Jeanne closed her eyes.
She dashed forward, three quick steps, and then a broad horizontal slash to cut Miyamoto in half… but no, Miyamoto saw that coming, and drew his short sword with his left, parrying her blow while slashing hip-to-shoulder with his katana.
A different approach, then. She shifted her weight onto her back foot, digging her heel into the concrete. The loose gravel crunched softly.
Miyamoto’s upward slash was intercepted by her throwing her shoulder into his torso, using her armour’s augmented strength and mass to push him off balance. While he staggered Jeanne reversed her slash and cut down overhead, dividing him into two slightly unequal halves that were both equally dead.
Her subtle shift in stance meant she was going to use her augmented strength against him. A shoulder block would be most direct, Miyamoto mused, eyes still closed. He transferred his weight to his back foot, the toes of his front foot now barely in contact with the broken concrete.
Her shoulder approached his torso and he leapt backwards, rolling across his back and returning to his feet in one, smooth motion. Benedicta swung through empty air, and she grit her teeth as the swing was reversed. Miyamoto sprinted forward with quick steps, both swords held behind until he lashed the katana through a flicking cut, leaving a glowing afterimages as it sliced towards her.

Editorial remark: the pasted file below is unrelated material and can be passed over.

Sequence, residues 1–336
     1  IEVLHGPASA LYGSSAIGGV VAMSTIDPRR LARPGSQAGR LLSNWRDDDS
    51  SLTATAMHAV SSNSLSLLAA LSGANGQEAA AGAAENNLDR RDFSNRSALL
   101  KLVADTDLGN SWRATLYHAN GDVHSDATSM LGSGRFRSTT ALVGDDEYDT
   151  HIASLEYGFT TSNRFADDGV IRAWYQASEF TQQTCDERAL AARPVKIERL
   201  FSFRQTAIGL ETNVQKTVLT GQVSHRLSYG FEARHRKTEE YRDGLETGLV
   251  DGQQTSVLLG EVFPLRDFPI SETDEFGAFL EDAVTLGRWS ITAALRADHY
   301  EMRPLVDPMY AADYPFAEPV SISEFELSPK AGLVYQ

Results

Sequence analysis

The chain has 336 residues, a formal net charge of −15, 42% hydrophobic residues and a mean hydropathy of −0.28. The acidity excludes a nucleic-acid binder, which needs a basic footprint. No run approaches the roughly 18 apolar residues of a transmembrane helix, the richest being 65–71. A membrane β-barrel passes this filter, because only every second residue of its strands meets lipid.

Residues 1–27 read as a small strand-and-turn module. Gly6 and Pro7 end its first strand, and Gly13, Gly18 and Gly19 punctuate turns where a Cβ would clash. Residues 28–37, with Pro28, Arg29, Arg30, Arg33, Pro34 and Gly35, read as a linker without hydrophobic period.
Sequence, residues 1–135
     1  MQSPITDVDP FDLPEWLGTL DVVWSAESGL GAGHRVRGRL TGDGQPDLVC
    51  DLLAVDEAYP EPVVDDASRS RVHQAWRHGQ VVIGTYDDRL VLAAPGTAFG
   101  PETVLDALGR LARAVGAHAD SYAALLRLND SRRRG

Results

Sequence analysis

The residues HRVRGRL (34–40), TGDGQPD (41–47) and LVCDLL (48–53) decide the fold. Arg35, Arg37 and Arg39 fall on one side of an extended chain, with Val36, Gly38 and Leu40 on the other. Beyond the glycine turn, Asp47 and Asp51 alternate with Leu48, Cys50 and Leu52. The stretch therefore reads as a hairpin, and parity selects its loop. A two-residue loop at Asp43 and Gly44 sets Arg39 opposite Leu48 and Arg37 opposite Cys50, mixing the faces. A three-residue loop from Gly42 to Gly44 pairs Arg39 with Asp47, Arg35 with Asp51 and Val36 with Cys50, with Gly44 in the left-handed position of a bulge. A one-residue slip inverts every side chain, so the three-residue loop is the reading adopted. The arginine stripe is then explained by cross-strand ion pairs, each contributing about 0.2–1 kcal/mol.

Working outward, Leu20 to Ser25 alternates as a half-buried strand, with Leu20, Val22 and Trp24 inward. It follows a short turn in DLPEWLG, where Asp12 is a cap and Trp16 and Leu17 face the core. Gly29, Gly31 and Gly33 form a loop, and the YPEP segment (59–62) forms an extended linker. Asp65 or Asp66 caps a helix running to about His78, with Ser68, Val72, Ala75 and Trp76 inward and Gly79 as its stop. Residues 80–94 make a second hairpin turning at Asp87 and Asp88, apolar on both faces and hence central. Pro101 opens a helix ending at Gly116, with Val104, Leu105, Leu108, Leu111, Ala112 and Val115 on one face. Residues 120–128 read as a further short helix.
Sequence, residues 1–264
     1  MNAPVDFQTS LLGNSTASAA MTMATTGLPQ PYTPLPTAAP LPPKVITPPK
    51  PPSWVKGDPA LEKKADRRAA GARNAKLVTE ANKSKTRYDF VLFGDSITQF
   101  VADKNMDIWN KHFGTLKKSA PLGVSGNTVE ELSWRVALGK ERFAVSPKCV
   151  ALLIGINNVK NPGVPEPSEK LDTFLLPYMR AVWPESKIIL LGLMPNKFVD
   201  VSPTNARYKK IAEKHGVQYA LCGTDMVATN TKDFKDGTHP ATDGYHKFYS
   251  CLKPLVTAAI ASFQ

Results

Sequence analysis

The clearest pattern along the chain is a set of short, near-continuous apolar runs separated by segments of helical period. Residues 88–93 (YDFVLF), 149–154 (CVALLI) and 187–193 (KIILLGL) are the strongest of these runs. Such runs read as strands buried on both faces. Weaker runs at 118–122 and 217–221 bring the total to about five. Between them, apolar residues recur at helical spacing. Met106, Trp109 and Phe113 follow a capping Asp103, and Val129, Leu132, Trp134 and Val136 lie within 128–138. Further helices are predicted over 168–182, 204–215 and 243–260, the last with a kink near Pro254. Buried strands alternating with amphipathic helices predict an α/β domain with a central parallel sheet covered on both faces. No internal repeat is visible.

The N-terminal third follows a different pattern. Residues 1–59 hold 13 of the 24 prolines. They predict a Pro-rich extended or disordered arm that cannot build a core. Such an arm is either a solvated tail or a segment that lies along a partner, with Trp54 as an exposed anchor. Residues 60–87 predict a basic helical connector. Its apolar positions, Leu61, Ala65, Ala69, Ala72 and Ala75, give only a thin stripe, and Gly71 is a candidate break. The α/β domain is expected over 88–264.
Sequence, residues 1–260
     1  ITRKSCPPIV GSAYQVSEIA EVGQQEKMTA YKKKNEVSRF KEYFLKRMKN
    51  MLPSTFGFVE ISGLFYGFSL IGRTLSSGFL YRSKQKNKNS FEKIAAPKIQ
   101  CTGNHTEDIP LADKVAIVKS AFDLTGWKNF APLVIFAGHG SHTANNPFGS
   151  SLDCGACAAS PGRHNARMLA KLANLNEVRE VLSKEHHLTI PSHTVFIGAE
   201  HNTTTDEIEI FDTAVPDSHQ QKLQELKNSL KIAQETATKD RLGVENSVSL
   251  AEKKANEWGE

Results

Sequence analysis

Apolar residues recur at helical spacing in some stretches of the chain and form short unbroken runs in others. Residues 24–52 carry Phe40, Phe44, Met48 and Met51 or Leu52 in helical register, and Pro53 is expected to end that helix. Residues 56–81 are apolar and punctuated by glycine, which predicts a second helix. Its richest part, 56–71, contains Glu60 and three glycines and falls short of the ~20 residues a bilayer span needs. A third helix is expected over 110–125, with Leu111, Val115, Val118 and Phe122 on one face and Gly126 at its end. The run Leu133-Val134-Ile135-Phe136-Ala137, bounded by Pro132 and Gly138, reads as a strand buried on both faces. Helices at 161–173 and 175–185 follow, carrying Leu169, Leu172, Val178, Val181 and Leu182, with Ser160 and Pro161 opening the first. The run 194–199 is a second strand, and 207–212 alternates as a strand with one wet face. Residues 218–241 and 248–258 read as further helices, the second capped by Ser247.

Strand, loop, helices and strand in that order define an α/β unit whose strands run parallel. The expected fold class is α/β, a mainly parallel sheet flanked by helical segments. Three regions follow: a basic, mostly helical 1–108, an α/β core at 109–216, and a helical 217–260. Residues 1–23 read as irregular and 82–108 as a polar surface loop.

She parried, the flat of Benedicta’s blade vertical across her left forearm. The strength of Miyamoto’s blow torqued her upper body to the right, and she allowed the momentum to spin her away. The short wakizashi raked across the armour plating over her stomach, but the spin minimized the strength of the blow.
She launched herself into the air, twisting her legs to rotate through a jumping downward cut. A lesser duelist would be too slow in the air and easily cut while their back was turned, but Jeanne was not a lesser duelist. Underestimating her was a mistake you made just once. Only a complete master would attempt to out-rotate her, parrying up as she brought her sword down.
Their eyes flicked back and forth underneath their eyelids while the distant rumble of artillery, the nervous shuffling of the four knights as they scanned the surroundings, and the taste of ash and dust on the air circulated around them.
Jeanne sighed, and they both opened their eyes. She rotated her neck a few times, trying to get the knots out.
“Lovely to see you again, Miyamoto,” she said with a nod, turning to her squad. “Let’s keep moving, men. Maybe we can find another way in.”
“A pleasure as always, Jeanne,” Miyamoto responded, kneeling carefully on the ground. “Do say hello to mom for me.”
“She misses you, you know,” Jeanne said over her shoulder.
“I imagine she does.”
The footsteps of the five PanO soldiers receded, and Miyamoto drew in a long breath through his nose.
A silent city
A knight steps in the city
Clang! Silence again.